Hereditary Colorectal Cancer Tests

Colorectal cancer refers to the cancer of the large intestine, which includes the colon and rectum. Most colorectal cancers begin as a growth on the lining of the colon, usually called a polyp. Over time, this polyp can become cancerous or remain benign.

Colorectal cancer is the most common cancer affecting both men and women in Singapore. A majority of colorectal cancer occurs by chance, while up to six percent of cases is inherited.

There are numerous types of Hereditary Colorectal Cancer. The most common types are Lynch Syndrome (also known was Hereditary Nonpolyposis Colorectal Cancer, or HNPCC), Familial Adenomatous Polyposis (FAP), Attenuated Familial Adenomatous Polyposis (AFAP), and MUTYH-Associated Polyposis (MAP). And of these, Lynch Syndrome is the most common, followed by FAP, then MAP.

Who should be tested for Hereditary Colorectal Cancer?

Individuals with the following personal or family medical history should consider genetic testing for colorectal cancer:

  • Early onset colorectal cancer, age 50 years old and below with several adenomas in the colon.
  • Multiple primary cancers including colorectal cancer in one individual.
  • More than 10 polyps in their lifetime.
  • Colorectal cancer exhibiting microsatellite instability or lack of immunostaining for a mismatch repair protein in tumor.
  • Several blood relatives affected with related cancers (eg. colon, uterine, ovarian and/or stomach cancer), spanning multiple generations.
  • Pattern of previously mentioned hereditary cancer syndromes, such as Lynch Syndrome, FAP, MAP, Cowden Syndrome and more.
  • Prior genetic testing performed due to family history suggestive of hereditary cancer disposition, with all negative results.

Tests for Hereditary Colorectal Cancer

Asia Genomics offers three genetic tests for Hereditary Colorectal Cancer:

Lynch Syndrome Test

Lynch Syndrome is a hereditary cancer syndrome that typically display cancers of the colon, rectum, endometrium, stomach, small bowel, ovaries, pancreas, biliary tract and urothelium. It is usually caused by mutations of the MLH1, MSH2, MSH6, EPCAM and PMS2 genes.

The Lynch Syndrome Test identifies mutations in these genes. It is a blood test ordered by your physician. Your DNA is extracted from the blood and analyzed. The test takes approximately four weeks to complete, and the results will be sent to your physician, who will explain the test results to you.

We will need two tubes of blood (about 4ml each) and a signed consent form from you to send to the laboratory. We recommend genetic counselling before genetic tests are ordered to discuss the implications of the testing and potential results.

Polyposis Syndrome Test

Individuals with Familial Adenomatous Polyposis (FAP) may present more than 100 adenomatous polyps in the colon, whereas those with Attenuated Familial Adenomatous Polyposis (AFAP) develop a smaller number of polyps at a later age. If these polyps are not removed, the chance of developing colorectal cancer will be over 90 percent. Individuals with FAP also have an increased risk of developing other cancers, including those in thyroid, pancreas, and brain.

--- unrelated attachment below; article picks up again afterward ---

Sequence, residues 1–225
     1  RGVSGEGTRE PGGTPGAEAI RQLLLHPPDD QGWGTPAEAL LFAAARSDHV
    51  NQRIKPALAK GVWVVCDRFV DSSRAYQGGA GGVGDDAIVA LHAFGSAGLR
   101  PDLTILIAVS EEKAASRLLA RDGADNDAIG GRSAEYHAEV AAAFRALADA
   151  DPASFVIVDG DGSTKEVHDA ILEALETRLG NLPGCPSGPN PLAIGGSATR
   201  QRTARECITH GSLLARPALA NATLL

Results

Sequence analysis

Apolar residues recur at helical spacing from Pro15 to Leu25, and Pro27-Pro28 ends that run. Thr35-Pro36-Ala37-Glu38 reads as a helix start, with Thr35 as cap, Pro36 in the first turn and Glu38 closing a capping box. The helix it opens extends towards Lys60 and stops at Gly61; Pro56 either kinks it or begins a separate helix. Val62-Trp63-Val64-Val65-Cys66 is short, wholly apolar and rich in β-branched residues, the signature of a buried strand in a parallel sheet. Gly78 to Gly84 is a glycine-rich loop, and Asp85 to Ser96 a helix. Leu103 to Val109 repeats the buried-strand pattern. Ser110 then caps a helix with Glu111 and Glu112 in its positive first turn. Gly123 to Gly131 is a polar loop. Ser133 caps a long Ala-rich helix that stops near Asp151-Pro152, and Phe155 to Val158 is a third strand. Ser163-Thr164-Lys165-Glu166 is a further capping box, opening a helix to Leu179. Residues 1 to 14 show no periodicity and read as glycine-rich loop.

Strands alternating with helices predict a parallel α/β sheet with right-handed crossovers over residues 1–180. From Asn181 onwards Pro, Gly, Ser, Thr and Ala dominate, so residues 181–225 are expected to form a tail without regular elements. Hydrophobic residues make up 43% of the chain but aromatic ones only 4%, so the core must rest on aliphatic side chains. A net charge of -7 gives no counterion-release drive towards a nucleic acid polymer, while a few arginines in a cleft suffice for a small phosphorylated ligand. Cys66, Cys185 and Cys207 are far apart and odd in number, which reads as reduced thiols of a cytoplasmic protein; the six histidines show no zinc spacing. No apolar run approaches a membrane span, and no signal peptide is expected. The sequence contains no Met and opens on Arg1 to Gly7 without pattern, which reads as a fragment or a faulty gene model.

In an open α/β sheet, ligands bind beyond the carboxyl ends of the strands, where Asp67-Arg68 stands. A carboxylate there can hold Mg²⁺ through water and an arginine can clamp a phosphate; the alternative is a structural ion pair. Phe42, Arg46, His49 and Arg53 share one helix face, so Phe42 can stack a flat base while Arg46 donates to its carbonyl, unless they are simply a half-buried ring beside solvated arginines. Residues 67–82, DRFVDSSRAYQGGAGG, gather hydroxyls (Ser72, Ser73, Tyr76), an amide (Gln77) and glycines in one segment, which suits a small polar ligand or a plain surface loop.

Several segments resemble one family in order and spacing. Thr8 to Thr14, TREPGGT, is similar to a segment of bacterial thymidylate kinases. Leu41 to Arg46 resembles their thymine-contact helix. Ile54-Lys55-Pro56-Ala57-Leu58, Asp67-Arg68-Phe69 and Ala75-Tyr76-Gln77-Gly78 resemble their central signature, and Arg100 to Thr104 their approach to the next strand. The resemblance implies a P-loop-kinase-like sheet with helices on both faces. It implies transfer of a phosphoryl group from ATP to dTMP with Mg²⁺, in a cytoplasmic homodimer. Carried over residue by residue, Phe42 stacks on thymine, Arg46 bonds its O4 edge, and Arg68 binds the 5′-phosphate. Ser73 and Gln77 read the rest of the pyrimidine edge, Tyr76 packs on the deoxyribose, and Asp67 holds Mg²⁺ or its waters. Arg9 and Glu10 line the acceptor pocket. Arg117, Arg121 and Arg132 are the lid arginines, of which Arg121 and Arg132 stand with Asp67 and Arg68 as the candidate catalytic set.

Similar to AFAP, persons with MUTYH-associated polyposis (MAP) develop these polyps at fewer numbers and later age.

The Polyposis Syndrome Test identifies mutations in the APC gene, which is known to cause FAP and AFAP, and MUTYH gene, which is involved in MAP. It is a blood test ordered by your physician. Your DNA is extracted from the blood and analyzed. The test takes approximately four weeks to complete, and the results will be sent to your physician, who will explain the test results to you.

We will need two tubes of blood (about 4ml each) and a signed consent form from you to send to the laboratory. We recommend genetic counseling before genetic tests are ordered to discuss the implications of the testing and potential results.

Hereditary Colorectal Cancer Comprehensive Multigene Panel

For the most comprehensive test to identify mutations in all genes linked to Hereditary Colorectal Cancer, Asia Genomics offers the Hereditary Colorectal Cancer Comprehensive Multigene Panel. This test covers genes that are linked to Lynch Syndrome, FAP, MAP, other high risk genes, as well as newer-risk genes that have been identified in families with colorectal cancer, but where precise lifetime cancer risks have not been identified.

This is carried out as a blood test ordered by your physician. Your DNA is extracted from the blood and analyzed. The test takes approximately four weeks to complete, and the results will be sent to your physician, who will explain the test results to you.

We will need two tubes of blood (about 4ml each) and a signed consent form from you to send to the laboratory. We recommend genetic counseling before genetic tests are ordered to discuss the implications of the testing and potential results.

If you would like more information or advice on any of our tests and services, please contact us at +65 6336 2050 or info@asia-genomics.com.